In most cases, this is perfectly fine. But when you absolutely want to provide a consistent experience, regardless of browser version, polyfills and shims do the trick. In this case, I’ll use Mike Alsup’s jQuery Corner plugin as my shim. Looking at the code below, jQuery is loaded and then using the Modernizr feature detection library, I check to see if border-radius is supported in my browser. If it’s not, then I dynamically load the plug-in and execute its functionality on the target DIVs:

<script src="js/jquery-1.5.2.min.js" type="text/javascript"></script>     <script type="text/javascript">     if (!Modernizr.borderradius) {         // Load a shim to mimic the rounded corners...         &#36;.getScript("js/jquery.corner.js", function () {             &#36;("div.content").corner();         });    }</script>

The result is VERY similar to using the native CSS3 border-radius property and provides the rounded corner UI in non-modern browsers:

If you look closely at the corners, you’ll see that the native border-radius implementation provides smoother rendering than the plugin. But again, the point is that there is now a consistent experience for your users.

Treading lightly

Just because polyfills exist, it doesn’t mean that you should charge in blindly, loading up a bunch of libraries. There are very important considerations to take into account including performance and code maintenance.

It’s important to remember that by using a third library, especially one created by a sole developer, you may some day have to support the code yourself. Open-source projects are started and abandoned every day, so selecting a polyfills or shim requires a good amount of due diligence to ensure that you understand what the code is doing and that you can manage it in the event of abandonment.

In addition, let’s not forget all the performance tips gleaned from Steve Souders' outstanding investigations into client-side performance. Remember that the more external files you need to load, the more blocking actions you’ll have in your web application, causing performance to be negatively affected.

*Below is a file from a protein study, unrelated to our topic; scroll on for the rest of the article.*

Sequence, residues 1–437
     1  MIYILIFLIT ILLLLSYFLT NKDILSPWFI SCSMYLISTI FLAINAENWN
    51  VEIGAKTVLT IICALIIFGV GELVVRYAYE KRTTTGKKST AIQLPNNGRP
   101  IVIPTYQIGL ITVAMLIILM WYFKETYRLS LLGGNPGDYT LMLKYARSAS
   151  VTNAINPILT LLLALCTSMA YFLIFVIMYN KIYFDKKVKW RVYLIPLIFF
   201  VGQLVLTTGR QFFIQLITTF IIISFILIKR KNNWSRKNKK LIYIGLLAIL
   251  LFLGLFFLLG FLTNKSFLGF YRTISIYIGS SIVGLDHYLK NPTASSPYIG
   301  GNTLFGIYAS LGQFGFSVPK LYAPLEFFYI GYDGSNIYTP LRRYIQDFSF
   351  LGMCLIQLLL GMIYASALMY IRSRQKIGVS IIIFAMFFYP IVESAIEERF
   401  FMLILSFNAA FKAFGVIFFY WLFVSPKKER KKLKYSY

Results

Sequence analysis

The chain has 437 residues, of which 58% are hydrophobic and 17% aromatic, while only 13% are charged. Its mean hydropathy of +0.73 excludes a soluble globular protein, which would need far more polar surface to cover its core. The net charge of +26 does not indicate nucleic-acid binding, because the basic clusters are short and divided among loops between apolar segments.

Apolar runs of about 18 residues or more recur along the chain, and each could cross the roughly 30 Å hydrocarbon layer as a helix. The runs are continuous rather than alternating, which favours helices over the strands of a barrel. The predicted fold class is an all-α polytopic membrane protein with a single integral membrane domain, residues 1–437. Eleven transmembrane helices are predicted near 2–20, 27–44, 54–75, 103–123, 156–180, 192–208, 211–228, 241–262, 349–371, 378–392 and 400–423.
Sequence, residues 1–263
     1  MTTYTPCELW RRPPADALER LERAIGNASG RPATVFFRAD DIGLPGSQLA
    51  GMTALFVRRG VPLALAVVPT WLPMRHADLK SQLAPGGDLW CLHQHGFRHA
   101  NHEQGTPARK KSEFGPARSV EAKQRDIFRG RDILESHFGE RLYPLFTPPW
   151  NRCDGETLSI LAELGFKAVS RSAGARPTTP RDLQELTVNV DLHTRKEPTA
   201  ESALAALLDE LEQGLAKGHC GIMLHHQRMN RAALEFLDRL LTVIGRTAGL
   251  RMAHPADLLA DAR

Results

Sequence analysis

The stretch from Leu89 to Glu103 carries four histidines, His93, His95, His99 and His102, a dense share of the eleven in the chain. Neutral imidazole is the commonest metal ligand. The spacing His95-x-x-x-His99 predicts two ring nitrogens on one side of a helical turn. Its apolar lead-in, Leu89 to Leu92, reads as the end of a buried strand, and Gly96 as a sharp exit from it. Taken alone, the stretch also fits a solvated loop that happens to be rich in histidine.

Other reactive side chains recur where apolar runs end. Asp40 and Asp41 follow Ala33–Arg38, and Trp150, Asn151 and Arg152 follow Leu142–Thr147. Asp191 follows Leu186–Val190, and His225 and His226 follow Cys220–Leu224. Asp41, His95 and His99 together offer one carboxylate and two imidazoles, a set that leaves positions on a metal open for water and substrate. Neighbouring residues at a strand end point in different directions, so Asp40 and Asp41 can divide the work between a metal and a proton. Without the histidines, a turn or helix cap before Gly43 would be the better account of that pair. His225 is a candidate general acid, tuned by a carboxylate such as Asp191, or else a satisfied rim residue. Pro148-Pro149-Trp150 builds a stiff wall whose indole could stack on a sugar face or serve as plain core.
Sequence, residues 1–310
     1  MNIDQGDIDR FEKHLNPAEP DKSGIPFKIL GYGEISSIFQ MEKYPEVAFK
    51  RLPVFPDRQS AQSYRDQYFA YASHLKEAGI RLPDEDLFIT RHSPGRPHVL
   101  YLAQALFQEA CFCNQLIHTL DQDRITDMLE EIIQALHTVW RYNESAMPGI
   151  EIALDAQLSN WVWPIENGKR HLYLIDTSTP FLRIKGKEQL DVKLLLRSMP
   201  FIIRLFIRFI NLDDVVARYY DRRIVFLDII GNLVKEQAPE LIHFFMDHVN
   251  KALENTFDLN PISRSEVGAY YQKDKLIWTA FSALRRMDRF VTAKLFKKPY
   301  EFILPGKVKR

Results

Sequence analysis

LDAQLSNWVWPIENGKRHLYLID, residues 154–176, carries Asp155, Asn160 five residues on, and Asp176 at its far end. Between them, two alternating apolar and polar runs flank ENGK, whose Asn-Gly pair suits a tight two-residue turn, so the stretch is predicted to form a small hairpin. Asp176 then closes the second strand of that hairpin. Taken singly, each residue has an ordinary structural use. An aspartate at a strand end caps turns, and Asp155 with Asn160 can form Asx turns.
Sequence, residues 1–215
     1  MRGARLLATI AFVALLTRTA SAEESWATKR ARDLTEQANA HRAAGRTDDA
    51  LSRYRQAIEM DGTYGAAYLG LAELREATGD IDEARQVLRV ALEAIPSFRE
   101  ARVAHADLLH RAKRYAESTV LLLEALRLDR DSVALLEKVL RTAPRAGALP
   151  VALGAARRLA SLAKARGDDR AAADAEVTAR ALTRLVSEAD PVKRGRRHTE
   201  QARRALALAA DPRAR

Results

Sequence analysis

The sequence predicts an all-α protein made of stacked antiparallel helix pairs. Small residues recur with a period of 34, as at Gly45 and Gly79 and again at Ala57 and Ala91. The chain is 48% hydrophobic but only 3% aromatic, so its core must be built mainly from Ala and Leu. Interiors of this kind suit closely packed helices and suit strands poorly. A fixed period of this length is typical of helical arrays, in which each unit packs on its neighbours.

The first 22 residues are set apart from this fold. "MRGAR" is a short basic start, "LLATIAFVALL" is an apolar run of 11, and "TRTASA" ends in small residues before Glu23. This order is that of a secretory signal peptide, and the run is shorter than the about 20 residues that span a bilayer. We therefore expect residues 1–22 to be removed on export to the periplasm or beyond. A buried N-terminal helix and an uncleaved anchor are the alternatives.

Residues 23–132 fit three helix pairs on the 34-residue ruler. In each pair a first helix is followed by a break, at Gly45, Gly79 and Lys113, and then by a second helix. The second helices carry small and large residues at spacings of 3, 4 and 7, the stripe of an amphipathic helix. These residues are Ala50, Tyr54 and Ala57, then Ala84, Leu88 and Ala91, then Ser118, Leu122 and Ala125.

A solution to the previous problem is Alex Sexton’s fabulous conditional loader, YepNope. It’s an asynchronous resource loader that works to load specific scripts based on conditional logic. That way, you’re only loading the scripts you need and at the right moment.

The other great thing about YepNope.js is that Alex is working with the Modernizr team to include Modernizr’s awesome feature detection capabilities. This will make an incredibly powerful combination, providing robust and tested feature detection into a mature resource loader.

Here’s an example of YepNope in action. In the following code, the loader will test for the existence of the Geolocation API and if it does not exist, will load the polyfill “geolocation-polyfill.js”:

yepnope({  test: Modernizr.geolocation,  yep: 'regular-styles.css',  nope: ['modified-styles.css', 'geolocation-polyfill.js'],  callback: function (url, result, key) {    if (url === 'modified-styles.css') {      alert('The Styles loaded!');    }  }});

It’s incredible simple syntax that provides a tremendous amount of power and flexibility.

When can we use HTML5?

Well, the obvious answer is now, just with some caveats. We have to keep in mind that non-modern browsers aren’t going away any time soon and browser feature fragmentation may never go away completely. So while we wait for market share on browsers such as IE6 and Safari 3.x to go to zero, we can use polyfills and shims to give users a consistent experience across browser versions.

Note, though, that’s it is perfectly okay to offer users of non-modern browsers a degraded experience. In many cases, they won’t even be able to tell that they’re being served a subset of features and you save yourself the aggravation of trying to provide parity for all users. 

But in those cases where you absolutely need to have the same experience, using polyfills and shims in a manageable way can help you bridge the gaps and provide the rich features your users want.